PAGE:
Glassing a built rocket

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billdz

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I have seen a few videos about glassing airframes and fins prior to construction of a rocket, but have not seen any about adding fiberglass to the fins and body of a pre-constructed, painted cardboard and wood rocket. It seems straightforward (apply epoxy, press on fiberglass cloth, squeegee off the excess) but I'm sure there are fine points that need further details. Can someone please point me to a video or tutorial?
Thanks,
Bill
 

cavecentral

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I'd take off any buttons or lugs. Then glass the body above fins. Then tip to tip on fin can.
 

billdz

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Thanks for the replies. I had forgotten about the buttons and lugs, they do need to be removed. The videos were helpful but I still have questions, are there any other sources of info? For example, do we use regular epoxy or something special for fiberglass (in the store, there was "fiberglass resin" for sale next to the cloth)? Are there any alternatives to peel ply (someone suggested wax paper)? Does the first layer have to dry before the second is applied?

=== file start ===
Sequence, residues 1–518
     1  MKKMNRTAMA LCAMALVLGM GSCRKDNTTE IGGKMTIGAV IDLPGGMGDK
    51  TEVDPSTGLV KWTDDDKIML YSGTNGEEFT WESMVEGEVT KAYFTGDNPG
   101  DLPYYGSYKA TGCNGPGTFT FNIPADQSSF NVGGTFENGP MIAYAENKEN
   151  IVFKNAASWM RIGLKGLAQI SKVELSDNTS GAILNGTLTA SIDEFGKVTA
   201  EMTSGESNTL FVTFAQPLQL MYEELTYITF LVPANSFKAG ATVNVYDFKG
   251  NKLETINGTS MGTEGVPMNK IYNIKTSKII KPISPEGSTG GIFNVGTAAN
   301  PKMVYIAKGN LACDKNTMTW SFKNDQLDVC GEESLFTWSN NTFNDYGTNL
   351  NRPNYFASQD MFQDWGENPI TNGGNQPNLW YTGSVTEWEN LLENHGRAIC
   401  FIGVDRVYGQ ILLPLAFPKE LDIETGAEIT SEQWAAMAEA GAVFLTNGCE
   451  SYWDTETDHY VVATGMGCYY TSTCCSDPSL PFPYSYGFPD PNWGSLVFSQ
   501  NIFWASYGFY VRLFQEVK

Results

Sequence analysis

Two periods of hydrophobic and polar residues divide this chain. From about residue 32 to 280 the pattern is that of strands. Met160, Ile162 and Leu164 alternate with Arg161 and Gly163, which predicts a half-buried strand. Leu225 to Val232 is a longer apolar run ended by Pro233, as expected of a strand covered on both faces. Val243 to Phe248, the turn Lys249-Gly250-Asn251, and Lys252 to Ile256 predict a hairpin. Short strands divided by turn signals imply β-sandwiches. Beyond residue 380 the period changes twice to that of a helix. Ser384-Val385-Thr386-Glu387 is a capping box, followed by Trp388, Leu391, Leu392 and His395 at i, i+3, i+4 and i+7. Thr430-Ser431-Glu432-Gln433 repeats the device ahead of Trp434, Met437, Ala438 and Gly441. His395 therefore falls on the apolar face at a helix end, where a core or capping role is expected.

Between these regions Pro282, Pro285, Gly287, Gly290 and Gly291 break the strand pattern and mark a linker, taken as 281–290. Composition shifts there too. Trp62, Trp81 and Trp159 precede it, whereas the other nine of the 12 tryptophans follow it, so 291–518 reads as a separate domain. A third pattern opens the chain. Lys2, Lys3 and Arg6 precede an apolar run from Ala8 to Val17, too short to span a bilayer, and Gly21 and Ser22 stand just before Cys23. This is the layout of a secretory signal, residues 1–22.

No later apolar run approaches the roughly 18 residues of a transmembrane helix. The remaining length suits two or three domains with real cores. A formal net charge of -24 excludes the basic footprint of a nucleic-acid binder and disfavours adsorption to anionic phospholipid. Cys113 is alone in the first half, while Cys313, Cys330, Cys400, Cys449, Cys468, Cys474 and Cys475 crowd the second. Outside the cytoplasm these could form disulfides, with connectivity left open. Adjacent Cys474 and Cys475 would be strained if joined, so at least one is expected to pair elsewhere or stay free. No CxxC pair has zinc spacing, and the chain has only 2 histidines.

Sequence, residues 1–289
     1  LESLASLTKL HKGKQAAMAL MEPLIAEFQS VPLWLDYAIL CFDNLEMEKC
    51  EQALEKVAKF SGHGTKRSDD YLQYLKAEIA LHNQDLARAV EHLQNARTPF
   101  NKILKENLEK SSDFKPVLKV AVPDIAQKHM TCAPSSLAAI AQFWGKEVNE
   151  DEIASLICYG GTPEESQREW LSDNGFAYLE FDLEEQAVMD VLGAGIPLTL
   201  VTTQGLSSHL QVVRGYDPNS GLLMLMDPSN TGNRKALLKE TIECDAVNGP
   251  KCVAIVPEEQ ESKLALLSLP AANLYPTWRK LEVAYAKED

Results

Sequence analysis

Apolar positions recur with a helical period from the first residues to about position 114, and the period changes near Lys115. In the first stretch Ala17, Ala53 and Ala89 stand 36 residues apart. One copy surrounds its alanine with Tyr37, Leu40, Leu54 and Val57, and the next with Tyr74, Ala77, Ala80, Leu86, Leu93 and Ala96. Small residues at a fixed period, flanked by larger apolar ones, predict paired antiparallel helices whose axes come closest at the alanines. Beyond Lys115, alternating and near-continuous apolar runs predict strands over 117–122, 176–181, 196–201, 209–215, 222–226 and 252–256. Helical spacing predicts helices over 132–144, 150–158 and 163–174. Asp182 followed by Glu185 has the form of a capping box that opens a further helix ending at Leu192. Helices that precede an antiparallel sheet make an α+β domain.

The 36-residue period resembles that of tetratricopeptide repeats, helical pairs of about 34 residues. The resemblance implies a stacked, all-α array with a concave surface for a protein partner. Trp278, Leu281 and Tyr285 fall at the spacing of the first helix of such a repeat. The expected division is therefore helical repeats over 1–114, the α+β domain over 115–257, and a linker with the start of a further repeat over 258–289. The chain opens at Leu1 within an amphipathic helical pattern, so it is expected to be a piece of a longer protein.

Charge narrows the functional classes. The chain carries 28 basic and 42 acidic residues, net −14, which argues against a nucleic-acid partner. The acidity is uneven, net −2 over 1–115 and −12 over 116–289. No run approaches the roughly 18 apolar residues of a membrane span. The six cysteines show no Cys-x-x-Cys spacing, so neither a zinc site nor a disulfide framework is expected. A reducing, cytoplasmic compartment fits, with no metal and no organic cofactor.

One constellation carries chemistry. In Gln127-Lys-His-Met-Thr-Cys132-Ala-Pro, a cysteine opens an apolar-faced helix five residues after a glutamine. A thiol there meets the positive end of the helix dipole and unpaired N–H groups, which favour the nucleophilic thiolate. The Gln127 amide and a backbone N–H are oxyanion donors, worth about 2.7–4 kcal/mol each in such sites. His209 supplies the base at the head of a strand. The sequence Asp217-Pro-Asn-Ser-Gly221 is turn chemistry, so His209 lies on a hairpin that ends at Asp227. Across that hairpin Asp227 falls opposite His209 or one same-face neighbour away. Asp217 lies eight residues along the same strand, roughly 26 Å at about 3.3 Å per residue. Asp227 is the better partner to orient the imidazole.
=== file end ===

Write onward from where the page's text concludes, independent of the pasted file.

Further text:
timbucktoo

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Tony's videos are pretty thorough. What I have done is put on two 6 oz. layers followed by a 3 oz. layer followed by peel ply all in one setting. What you are trying to accomplish really dictates how much glass you add. I was only re-enforcing a tube. Some people use mylar film instead of peel ply.
Many use West Sytems 105/205 or US Composite 635 resin with 3:1 hardener. US Composites sells glass cloth too & they are in West Palm Beach.

https://www.uscomposites.com/
 

ActingLikeAKid